In light of research showing that, when it comes to teenagers and sleep, the early bird not only doesn’t catch the worm, but might suffer physically, mentally and academically, leaders in the Camas School District are considering shifting school start times to help middle and high school students get just a little more sleep.
“Student health is a priority for our district,” CSD Superintendent Jeffrey Snell stated in a letter he gave to Camas School Board members last week, at the Board’s Nov. 13 meeting. “Over the past several years, community feedback has compelled us to prioritize the social-emotional health of our students.”
Snell added that a Citizens Advisory Committee had researched the issue of school start times and found that even a slight change could have a positive impact on students’ overall mental, physical and emotional health.
One University of Minnesota study, which looked at more than 9,000 high school students in eight different public high schools, concluded that schools with start times of 8:30 a.m. or later allowed a majority of the student body to get at least eight hours of sleep each night.
The study showed that students’ academic results, attendance rates and test performance all improved when school start times shifted to 8:35 a.m. or later.
Another article, “American Academy of Pediatrics, Policy Statement: School Start Times for Adolescents (2014),” published in the peer-reviewed Pediatrics journal, states that earlier school start times — before 8:30 a.m. — lead to a disruption in teens’ circadian rhythms and contribute to insufficient sleep.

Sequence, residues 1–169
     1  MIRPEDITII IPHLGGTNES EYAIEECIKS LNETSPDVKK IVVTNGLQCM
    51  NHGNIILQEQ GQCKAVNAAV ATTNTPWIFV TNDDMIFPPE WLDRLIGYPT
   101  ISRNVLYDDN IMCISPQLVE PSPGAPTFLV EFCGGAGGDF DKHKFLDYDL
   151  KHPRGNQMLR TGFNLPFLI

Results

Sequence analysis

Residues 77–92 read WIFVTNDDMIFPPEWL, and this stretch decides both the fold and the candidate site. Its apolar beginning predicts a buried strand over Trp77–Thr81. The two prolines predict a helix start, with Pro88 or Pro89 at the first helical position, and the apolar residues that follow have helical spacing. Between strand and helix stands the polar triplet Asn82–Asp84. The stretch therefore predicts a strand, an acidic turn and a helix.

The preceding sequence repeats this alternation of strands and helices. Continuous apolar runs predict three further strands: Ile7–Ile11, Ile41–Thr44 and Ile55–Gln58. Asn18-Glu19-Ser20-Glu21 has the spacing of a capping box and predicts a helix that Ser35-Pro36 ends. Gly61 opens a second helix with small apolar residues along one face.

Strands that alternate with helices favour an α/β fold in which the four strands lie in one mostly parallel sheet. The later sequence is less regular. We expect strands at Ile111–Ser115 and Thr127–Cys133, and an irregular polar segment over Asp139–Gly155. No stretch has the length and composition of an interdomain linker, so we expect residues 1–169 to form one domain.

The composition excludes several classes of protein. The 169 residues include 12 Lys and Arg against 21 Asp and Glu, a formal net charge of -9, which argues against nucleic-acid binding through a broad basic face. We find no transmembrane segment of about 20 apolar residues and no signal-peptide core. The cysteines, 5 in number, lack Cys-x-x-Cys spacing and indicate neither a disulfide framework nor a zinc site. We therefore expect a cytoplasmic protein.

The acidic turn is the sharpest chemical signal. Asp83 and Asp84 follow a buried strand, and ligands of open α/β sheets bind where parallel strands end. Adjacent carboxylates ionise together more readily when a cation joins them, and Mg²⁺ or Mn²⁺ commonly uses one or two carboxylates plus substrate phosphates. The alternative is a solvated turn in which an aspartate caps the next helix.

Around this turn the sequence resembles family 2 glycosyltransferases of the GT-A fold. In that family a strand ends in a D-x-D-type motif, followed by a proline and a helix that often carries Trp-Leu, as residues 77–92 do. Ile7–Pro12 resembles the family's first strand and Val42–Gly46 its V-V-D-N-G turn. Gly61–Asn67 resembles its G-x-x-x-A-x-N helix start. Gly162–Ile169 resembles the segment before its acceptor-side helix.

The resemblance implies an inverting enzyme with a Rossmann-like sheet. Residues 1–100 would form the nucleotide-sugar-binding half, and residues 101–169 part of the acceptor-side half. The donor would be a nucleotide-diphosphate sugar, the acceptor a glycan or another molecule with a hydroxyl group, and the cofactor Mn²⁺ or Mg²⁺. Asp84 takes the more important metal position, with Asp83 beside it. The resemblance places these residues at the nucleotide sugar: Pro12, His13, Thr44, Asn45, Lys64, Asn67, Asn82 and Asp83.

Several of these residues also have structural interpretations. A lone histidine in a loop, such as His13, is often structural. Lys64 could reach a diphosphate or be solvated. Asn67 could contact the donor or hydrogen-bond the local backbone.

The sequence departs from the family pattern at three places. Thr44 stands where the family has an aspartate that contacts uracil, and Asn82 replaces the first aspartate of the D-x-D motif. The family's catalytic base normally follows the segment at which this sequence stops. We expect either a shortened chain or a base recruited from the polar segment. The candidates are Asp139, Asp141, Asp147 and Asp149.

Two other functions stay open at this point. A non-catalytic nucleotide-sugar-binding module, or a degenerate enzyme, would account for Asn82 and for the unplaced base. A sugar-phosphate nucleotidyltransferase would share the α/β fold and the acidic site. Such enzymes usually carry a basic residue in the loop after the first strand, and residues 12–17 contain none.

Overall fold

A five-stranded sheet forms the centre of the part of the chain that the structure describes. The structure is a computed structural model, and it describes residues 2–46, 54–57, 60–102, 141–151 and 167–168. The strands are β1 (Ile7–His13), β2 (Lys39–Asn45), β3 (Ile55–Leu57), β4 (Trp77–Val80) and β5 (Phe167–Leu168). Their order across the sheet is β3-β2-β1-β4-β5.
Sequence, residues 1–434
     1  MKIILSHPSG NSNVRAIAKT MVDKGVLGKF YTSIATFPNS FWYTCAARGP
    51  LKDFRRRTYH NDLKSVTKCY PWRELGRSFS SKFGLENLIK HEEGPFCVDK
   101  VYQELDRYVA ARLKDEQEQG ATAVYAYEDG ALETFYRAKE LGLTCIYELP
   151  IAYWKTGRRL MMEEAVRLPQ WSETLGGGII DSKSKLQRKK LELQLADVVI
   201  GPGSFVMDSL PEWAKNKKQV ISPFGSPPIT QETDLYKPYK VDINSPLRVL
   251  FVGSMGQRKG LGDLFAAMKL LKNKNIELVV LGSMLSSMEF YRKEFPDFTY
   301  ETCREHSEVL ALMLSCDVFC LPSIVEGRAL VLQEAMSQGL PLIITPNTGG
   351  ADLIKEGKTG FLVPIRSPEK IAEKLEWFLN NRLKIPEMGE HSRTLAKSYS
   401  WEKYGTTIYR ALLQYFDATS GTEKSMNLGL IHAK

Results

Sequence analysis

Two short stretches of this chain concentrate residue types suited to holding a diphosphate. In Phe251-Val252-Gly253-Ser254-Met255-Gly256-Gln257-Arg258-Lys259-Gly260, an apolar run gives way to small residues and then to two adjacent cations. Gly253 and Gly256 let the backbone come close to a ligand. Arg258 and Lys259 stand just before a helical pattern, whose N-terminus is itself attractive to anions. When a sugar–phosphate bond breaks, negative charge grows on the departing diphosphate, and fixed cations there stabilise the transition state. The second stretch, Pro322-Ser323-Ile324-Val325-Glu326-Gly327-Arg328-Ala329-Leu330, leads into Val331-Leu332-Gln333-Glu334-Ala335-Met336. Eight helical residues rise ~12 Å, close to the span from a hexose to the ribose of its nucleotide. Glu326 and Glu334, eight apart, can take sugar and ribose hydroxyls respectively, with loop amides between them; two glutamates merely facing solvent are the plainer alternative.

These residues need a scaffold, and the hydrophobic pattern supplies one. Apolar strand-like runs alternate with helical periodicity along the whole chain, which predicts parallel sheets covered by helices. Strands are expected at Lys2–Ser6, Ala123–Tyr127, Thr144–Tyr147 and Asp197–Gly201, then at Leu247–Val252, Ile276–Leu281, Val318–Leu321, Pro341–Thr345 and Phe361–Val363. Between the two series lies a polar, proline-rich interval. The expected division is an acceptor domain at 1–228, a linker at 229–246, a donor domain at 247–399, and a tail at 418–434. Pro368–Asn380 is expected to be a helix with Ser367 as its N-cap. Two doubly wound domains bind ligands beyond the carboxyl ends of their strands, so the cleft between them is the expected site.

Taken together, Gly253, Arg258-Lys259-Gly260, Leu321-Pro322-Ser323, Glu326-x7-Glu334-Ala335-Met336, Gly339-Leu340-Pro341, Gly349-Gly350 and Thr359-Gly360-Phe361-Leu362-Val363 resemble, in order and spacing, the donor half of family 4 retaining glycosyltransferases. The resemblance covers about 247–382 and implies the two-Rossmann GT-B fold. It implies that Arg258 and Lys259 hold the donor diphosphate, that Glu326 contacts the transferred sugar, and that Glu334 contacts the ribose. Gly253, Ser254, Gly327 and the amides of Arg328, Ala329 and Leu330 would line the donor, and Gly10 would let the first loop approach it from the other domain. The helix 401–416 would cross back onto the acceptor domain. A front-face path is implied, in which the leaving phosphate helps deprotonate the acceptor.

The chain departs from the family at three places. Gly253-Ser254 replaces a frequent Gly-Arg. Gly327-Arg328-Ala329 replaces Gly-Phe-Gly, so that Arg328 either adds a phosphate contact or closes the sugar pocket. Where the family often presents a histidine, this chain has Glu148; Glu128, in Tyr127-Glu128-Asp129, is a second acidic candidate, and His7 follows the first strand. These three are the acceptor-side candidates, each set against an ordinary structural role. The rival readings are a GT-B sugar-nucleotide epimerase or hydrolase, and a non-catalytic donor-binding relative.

“A substantial body of research has now demonstrated that delaying school start times is an effective countermeasure to chronic sleep loss and has a wide range of potential benefits to students with regard to physical and mental health, safety and academic achievement,” the American Academy of Pediatrics (AAP) states. “The American Academy of Pediatrics strongly supports the efforts of school districts to optimize sleep in students and urges high schools and middle schools to aim for start times that allow students the opportunity to achieve optimal levels of sleep (8.5 to 9.5 hours).”
The AAP states that later school start times, and increased daily sleep, can help reduce obesity risk, lower depression rates, reduce the number of car crashes linked to drowsy drivers, and improve grades and quality of life for teenagers.
The local Citizens Advisory Committee reviewed the research and came up with a recommendation for the start times at Camas schools, to start in the fall of 2018:
High schools and Odyssey Middle School would start at 8:40 a.m. and end at 3:15 p.m.
Liberty and Skyridge middle schools would start at 9 a.m. and end at 3:40 p.m.
The district’s elementary schools would start at 8 a.m. and end at 2:30 p.m., with Lacamas Lake Elementary School starting at 8:15 a.m. and ending at 2:45 p.m.
The recommended start times align with research showing teens benefit from later start times, allow for more after-school enrichment opportunities at the elementary level and reflect feedback from staff and parents, Snell states in his report to the Camas School Board.
“Changing start times is challenging because of the impact it has on students, staff and families,” Snell states. “The Citizens Advisory Committee made a recommendation to move our schedules to better align with best-practice research that supports students health … Once a decision has been made, times might be altered for bus routing.”
The Camas School District Board of Directors will hold a public workshop on this issue starting at 4 p.m., Monday, Nov. 27, at the district headquarters, 841 N.E. 22nd Ave., Camas. The Board also will discuss the issue at the regular 5:30 p.m. Camas School Board meeting on Nov. 27, and will allow for public comments at that meeting.